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Sierra Nevada Brewing has a long history of using sustainable technologies at its Chico, California, production facility. In fact, that building was the first to earn a TRUE Zero Waste designation by Green Business Certification, meaning at least 90 percent of its waste is reused or diverted from landfills, says Brian Grossman, Sierra Nevada vice president and son of the company’s founder. The brewery’s eastward expansion to a second facility in Mills River, North Carolina—a small town just south of craft-beer mecca Asheville—provided a rare opportunity: the chance to build green from the ground up. “You have to be willing to look at yourself and ask, How can we get better?” he says. “So we implemented some unique engineering philosophies. Everything is very straight and linear, which requires a lot less energy. But it’s also a new construction that allowed us to use new technology.”
The result? Three years after the Mills River facility opened in June 2013, it received its own Zero Waste designation and became the first LEED Platinum production brewery in the nation. It’s the first building in the world to receive both designations. Earning them was no easy feat. Platinum is the highest LEED ranking and requires excellence in least 80 points in categories like transportation infrastructure and light pollution. And being a brewery, Sierra Nevada faced some unique challenges, Grossman says. “The energy modeling had never been done before. It took a while to get the engineers to understand the how and why of what we did.”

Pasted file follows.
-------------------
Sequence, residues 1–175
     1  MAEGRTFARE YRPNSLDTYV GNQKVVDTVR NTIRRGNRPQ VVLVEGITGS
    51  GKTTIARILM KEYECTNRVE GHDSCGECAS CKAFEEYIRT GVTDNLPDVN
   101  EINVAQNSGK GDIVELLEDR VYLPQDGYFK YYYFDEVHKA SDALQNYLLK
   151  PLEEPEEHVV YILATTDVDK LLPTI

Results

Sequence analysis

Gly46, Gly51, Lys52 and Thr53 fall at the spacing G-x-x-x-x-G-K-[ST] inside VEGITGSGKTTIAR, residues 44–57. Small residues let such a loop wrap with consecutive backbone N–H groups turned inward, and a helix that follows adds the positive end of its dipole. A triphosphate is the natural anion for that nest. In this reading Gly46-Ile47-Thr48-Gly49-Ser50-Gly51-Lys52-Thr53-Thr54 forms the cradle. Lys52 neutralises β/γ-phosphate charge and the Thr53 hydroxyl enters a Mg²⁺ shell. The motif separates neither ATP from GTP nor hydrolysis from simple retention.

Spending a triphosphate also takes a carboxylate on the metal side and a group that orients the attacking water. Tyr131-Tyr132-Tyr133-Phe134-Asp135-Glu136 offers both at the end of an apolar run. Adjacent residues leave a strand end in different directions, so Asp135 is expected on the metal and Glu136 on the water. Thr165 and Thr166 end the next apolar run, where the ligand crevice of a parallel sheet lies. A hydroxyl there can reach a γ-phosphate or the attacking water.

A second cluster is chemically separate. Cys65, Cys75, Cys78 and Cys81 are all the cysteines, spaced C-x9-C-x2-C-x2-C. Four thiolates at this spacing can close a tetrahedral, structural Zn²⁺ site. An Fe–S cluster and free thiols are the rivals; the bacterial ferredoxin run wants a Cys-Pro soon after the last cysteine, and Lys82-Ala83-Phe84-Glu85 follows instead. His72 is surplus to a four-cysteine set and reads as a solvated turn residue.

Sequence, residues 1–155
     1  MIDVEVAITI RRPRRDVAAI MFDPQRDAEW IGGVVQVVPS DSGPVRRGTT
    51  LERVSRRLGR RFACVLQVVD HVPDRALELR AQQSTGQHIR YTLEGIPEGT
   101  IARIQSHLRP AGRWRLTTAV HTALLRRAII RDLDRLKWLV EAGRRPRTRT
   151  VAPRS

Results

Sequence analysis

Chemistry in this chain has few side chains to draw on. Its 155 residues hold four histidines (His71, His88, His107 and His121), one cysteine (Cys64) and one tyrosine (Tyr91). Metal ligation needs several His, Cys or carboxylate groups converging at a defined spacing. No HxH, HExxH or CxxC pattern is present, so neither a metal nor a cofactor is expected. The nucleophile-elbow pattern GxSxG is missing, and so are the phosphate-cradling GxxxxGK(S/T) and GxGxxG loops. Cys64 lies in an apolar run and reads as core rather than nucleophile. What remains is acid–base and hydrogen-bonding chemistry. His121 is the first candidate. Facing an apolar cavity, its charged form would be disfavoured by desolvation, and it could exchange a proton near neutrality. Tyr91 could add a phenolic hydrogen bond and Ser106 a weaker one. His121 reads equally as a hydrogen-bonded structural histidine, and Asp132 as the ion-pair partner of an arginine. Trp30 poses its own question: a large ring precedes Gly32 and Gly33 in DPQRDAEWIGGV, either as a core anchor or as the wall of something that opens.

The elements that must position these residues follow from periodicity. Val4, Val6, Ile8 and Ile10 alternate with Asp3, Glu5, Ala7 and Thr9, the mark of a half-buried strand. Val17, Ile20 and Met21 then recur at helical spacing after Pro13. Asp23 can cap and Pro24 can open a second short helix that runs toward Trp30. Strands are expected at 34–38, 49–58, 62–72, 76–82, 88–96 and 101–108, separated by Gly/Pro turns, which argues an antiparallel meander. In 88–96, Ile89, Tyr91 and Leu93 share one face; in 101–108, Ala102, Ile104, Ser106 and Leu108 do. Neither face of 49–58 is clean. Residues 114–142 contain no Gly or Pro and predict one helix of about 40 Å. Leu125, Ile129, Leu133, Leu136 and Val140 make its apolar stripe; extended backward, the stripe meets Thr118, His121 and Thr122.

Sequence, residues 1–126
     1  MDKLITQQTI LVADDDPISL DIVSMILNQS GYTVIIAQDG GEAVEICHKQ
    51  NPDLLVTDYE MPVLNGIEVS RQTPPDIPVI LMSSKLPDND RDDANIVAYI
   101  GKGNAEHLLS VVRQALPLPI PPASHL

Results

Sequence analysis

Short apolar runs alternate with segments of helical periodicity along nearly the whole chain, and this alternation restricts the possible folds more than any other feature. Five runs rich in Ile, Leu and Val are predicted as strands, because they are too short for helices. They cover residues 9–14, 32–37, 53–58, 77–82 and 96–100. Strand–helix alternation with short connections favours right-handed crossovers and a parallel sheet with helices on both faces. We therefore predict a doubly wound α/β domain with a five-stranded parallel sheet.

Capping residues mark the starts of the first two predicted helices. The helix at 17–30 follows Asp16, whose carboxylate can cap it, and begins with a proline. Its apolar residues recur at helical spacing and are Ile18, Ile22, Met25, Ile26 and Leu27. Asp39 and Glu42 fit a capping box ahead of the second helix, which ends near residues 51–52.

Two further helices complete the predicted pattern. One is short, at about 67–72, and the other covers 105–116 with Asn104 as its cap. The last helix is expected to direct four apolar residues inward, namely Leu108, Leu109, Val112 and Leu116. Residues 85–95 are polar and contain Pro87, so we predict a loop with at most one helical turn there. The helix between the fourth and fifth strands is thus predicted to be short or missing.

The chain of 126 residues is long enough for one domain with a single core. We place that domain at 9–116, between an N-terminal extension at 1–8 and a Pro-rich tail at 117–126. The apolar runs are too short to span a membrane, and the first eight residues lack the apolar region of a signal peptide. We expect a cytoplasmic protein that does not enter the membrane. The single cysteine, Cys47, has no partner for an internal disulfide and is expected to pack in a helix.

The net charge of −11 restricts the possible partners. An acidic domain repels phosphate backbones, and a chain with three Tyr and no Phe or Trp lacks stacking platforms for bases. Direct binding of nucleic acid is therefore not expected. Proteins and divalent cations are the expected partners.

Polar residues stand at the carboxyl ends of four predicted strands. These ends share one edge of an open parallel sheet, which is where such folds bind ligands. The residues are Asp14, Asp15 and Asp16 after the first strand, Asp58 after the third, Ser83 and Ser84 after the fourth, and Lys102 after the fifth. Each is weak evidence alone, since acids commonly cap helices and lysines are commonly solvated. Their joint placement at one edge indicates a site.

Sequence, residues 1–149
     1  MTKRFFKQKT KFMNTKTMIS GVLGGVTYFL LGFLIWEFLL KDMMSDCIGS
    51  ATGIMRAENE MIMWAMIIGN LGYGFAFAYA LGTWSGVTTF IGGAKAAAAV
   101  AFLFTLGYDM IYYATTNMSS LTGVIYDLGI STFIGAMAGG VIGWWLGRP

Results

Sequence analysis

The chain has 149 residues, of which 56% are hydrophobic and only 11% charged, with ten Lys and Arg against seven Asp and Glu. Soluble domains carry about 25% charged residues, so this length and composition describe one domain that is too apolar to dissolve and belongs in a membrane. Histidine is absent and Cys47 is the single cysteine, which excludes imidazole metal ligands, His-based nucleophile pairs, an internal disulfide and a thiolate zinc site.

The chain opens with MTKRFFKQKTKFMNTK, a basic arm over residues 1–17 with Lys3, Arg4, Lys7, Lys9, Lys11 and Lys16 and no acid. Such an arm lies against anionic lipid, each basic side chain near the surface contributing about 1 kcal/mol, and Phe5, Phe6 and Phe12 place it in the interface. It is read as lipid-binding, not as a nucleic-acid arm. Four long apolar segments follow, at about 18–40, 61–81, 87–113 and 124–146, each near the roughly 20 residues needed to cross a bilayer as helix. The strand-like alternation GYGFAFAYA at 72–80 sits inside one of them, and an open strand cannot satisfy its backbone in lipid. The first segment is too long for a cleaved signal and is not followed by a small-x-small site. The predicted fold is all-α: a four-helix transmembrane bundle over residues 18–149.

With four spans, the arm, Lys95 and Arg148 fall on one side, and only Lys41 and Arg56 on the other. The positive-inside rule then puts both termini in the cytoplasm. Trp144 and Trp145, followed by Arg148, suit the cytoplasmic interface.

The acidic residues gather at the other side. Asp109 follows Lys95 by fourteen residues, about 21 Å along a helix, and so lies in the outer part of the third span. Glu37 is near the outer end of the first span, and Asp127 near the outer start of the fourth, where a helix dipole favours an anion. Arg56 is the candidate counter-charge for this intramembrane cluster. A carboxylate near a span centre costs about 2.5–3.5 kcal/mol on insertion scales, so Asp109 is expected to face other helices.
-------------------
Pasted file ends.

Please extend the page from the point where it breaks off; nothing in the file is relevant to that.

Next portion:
The company isn’t the only brewery striving for sustainability. At least seven facilities have some level of LEED certification, and others are putting the emphasis on water conservation and advocacy. Which makes sense when you realize that it usually takes six gallons of water to brew one gallon of suds. But Full Sail Brewing in Hood River, Oregon, uses less than three gallons, thanks to special mash filters, a hot-water recovery system, and other innovations, which together reduce its annual water consumption by 4.1 million gallons. On the advocacy side, organizations like the Natural Resources Defense Council’s Brewers for Clean Water, the Nature Conservancy’s OktoberForest, and the Oregon Brewshed Alliance foster resources awareness by hosting informational pint nights, organizing volunteer cleanups, and sending letters to Congress. That’s worth raising a glass to.
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